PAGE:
The Government has announced proposals for a new corporate offence of failure to prevent economic crime. While “economic crime” has not been fully defined, the proposals are that it will include fraud, money laundering and false accounting. The proposals will be the subject of consultation over the Summer.
The offence uses the same corporate criminal liability mechanism that is found in the Bribery Act 2010 offence of failing to prevent bribery and also the new offence currently under consultation of failure to prevent the facilitation of tax evasion. Under these offences, the corporate is effectively strictly liable (i.e. without the need for intention or knowledge) for criminal activity by its associated persons (e.g. employees, contractors, agents etc.) unless the corporate can demonstrate that it had sufficiently robust prevention procedures in place.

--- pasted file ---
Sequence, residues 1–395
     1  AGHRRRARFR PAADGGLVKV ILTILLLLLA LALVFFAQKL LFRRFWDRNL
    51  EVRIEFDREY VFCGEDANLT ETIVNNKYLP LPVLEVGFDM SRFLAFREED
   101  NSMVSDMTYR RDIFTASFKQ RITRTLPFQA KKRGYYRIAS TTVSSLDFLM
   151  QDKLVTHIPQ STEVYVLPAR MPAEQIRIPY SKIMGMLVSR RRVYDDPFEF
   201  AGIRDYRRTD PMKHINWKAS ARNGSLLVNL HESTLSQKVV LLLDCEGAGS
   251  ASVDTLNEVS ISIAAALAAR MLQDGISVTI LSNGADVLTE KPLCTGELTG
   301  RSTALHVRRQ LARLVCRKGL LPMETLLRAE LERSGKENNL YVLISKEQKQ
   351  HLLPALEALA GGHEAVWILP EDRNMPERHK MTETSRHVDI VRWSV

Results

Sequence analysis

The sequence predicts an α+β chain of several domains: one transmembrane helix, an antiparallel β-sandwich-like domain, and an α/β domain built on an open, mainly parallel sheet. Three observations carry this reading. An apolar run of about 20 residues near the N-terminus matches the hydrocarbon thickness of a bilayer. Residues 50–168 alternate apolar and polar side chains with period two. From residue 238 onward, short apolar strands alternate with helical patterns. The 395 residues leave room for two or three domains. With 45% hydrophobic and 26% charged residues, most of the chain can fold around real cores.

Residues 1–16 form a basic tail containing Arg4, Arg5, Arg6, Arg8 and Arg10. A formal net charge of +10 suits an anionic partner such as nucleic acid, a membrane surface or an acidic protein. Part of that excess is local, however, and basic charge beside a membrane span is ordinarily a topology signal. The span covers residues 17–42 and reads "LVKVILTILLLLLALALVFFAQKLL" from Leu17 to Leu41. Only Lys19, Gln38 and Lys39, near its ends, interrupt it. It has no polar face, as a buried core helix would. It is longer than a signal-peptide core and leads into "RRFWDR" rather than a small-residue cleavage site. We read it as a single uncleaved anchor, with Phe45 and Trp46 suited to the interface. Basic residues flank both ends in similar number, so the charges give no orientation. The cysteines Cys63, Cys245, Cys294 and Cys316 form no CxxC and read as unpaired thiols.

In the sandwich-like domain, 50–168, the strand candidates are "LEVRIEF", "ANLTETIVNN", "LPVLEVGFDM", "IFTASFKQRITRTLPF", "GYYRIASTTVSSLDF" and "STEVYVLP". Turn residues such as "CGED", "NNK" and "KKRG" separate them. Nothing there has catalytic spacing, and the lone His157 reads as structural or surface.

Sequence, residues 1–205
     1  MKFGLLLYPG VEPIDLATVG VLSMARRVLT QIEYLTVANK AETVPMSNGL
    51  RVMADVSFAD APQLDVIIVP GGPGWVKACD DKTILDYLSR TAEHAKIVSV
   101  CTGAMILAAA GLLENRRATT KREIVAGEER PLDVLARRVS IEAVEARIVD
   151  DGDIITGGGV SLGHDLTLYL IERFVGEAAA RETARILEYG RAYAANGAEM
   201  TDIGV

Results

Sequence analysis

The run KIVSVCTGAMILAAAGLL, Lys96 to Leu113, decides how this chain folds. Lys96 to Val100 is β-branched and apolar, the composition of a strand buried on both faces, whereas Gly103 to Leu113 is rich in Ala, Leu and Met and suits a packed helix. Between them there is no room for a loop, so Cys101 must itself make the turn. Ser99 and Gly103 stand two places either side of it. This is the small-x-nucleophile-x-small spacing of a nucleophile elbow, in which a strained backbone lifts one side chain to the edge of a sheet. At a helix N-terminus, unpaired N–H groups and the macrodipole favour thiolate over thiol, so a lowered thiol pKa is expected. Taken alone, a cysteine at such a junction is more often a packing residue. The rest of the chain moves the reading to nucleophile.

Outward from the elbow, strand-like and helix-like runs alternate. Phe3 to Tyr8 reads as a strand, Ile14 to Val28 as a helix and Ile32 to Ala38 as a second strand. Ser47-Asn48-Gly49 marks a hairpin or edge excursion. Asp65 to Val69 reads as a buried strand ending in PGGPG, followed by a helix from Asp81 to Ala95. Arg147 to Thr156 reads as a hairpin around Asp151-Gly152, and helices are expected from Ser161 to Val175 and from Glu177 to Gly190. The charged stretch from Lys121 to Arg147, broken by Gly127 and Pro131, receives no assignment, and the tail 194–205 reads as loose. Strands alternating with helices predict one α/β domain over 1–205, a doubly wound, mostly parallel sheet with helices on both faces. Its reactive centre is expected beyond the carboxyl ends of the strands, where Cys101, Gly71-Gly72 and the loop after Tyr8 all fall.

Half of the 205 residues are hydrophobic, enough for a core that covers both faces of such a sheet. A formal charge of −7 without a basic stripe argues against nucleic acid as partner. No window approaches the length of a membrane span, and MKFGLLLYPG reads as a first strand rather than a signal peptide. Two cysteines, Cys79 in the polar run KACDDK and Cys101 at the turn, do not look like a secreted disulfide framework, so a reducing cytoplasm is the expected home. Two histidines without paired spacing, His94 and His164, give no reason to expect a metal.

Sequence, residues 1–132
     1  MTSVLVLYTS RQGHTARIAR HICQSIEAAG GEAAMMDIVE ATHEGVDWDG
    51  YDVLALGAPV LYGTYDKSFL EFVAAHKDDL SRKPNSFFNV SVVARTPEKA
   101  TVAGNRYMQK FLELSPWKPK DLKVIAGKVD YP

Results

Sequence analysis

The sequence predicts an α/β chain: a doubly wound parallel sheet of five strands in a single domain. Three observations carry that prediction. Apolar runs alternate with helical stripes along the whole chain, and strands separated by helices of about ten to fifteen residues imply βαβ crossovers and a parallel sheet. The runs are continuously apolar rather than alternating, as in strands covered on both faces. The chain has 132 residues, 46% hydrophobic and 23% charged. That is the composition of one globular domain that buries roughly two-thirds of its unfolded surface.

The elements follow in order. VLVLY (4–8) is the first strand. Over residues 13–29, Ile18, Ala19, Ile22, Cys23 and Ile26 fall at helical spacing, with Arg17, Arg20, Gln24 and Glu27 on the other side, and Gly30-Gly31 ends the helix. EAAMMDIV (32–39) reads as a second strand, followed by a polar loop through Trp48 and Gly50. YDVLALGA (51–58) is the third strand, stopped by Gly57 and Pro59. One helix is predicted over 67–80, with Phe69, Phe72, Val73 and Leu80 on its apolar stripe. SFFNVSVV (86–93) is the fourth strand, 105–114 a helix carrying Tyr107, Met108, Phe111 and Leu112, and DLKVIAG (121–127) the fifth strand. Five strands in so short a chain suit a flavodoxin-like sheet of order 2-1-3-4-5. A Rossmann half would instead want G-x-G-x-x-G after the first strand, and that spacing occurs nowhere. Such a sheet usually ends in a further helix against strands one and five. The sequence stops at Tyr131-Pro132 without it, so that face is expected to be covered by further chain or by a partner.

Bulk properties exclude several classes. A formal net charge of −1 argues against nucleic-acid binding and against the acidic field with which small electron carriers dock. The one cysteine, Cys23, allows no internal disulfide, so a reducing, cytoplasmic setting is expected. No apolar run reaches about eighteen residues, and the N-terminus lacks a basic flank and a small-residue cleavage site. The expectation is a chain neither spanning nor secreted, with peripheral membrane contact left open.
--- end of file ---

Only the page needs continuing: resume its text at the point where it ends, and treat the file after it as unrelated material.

In the Bribery Act 2010, the UK already has one of the most stringent anti-bribery legal regimes in the world. The announcement at the corruption summit hosted by the UK on 12 May continues the now familiar UK policy drumbeat of zero tolerance towards business crime. It also reinforces the UK’s apparent willingness to set the highest standards and lead the fight against business crime internationally.
Thomas Webb’s view is that, while the UK is right to continue its zero tolerance approach to business crime, the creation of more strict liability corporate offences entails a significant danger of overloading UK businesses with risk. First, the liability relates to the actions of third parties over whom they can never realistically exercise complete control (e.g. employees of a subsidiary operating overseas). Second, the proposed offence will almost certainly require most businesses to substantially review and expand their existing policies and procedures, at considerable cost. Third, the liability in question is not merely a fine, or regulatory censure. It is a criminal conviction, with all the stigma and reputational harm that this entails.